In June 2020, a record hot weather was set in Siberia with anomalies in the Verkhoyansk region that had not been observed for about 100 years. This local anomaly became a continuation of the global heat anomaly in Siberia, starting in January 2020.
An international team of scientists from the UK Hydrometeorological Service, the Royal Meteorological Institute of the Netherlands, the Meteorological Services of Germany and France, the University of Ohford, the University of Technology of Zurich, the University of Grenoble and Shirhov Institute of Oceanology of RAS (Olga Zolina) conducted a joint study of this climatic phenomenon. It was found that this anomaly contributed to an increase in the average temperature of 2020 to 2 of the highest in the entire history of observations for the period from January to May.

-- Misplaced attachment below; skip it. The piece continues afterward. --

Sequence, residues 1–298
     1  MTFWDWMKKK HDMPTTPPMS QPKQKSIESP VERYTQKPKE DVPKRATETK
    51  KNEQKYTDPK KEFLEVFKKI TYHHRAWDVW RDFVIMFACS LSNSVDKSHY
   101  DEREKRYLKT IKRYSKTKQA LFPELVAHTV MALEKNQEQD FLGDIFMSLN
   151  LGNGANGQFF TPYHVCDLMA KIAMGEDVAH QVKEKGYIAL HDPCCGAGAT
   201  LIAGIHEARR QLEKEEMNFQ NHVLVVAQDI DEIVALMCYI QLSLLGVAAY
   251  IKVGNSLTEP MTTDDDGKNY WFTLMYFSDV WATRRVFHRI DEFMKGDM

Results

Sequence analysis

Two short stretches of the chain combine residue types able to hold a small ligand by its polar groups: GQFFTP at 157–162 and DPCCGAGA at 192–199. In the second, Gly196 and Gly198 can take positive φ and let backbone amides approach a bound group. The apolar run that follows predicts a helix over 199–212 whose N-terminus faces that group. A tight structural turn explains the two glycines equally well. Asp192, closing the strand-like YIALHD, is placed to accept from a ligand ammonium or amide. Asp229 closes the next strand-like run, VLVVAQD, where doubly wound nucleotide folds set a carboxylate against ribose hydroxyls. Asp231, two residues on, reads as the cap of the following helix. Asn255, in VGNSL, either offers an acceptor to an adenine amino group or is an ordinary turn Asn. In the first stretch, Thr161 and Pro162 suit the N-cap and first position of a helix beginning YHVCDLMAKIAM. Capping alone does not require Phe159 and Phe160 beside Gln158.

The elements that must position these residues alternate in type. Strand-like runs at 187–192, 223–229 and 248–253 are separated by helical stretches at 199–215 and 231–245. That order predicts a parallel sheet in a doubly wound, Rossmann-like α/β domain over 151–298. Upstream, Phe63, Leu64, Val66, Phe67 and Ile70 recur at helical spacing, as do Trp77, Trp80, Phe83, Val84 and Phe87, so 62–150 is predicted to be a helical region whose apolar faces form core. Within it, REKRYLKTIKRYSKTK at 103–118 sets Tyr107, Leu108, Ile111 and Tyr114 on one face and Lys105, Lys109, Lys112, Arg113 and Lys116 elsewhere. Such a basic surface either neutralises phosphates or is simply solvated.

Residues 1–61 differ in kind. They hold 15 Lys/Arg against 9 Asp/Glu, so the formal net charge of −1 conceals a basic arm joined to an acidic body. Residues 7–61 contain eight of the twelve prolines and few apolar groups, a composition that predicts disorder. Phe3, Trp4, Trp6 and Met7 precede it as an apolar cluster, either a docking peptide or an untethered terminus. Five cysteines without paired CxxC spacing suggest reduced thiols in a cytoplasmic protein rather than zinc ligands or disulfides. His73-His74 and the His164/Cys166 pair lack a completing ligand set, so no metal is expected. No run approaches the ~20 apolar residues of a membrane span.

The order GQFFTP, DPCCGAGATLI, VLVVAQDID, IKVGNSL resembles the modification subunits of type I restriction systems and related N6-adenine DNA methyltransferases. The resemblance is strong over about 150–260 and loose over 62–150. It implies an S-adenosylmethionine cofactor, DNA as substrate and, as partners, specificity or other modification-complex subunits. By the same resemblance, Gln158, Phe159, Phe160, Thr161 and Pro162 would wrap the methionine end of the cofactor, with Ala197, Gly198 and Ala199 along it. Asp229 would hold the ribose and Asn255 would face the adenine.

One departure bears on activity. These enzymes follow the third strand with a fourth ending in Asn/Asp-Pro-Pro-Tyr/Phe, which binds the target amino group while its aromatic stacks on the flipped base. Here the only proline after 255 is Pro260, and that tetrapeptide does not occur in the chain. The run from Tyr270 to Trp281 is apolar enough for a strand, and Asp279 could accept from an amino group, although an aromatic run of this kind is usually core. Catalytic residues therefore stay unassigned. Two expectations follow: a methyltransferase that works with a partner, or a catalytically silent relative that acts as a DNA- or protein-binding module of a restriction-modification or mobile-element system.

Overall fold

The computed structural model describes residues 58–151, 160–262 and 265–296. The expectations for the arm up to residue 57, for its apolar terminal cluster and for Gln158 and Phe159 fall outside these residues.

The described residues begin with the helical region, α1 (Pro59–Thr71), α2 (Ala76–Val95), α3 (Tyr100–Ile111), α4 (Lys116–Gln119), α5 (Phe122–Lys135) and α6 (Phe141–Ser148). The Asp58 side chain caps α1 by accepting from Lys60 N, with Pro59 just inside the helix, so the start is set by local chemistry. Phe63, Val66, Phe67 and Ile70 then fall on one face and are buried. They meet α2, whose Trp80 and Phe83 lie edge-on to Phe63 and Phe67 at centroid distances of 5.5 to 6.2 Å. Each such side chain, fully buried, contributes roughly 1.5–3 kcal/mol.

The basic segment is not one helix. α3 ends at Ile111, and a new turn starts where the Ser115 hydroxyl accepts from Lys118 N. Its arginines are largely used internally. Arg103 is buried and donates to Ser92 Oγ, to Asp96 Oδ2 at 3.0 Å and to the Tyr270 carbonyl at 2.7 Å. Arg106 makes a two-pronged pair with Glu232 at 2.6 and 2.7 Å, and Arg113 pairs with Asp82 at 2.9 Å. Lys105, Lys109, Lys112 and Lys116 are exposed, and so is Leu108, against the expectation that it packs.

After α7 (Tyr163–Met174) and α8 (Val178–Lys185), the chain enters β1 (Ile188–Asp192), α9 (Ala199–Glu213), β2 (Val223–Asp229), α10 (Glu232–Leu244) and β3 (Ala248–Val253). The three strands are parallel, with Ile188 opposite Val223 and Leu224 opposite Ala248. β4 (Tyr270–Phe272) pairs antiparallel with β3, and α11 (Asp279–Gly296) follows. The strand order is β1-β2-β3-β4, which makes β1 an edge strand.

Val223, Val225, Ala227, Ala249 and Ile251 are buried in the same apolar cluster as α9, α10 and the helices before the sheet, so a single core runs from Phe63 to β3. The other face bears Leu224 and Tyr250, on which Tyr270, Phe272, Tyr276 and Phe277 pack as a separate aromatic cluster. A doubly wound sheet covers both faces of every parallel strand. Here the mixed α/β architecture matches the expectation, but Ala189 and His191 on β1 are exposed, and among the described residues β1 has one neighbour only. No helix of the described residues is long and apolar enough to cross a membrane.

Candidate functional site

The highest maximum daily temperature in June 2020 was recorded for Verkhoyansk, located in the Arctic Circle. An analysis of observational data and climate modeling results allowed scientists to conclude that anthropogenic climate change played a critical role for both extreme events (a prolonged six-month heat wave and a record daily temperature in June 2020 in Verkhoyansk).
Average temperature anomaly from January to June 2020
compared with the period 1981-2010.
The maximum anomaly for a six-month period is about 8 degrees
in the north of Central Siberia.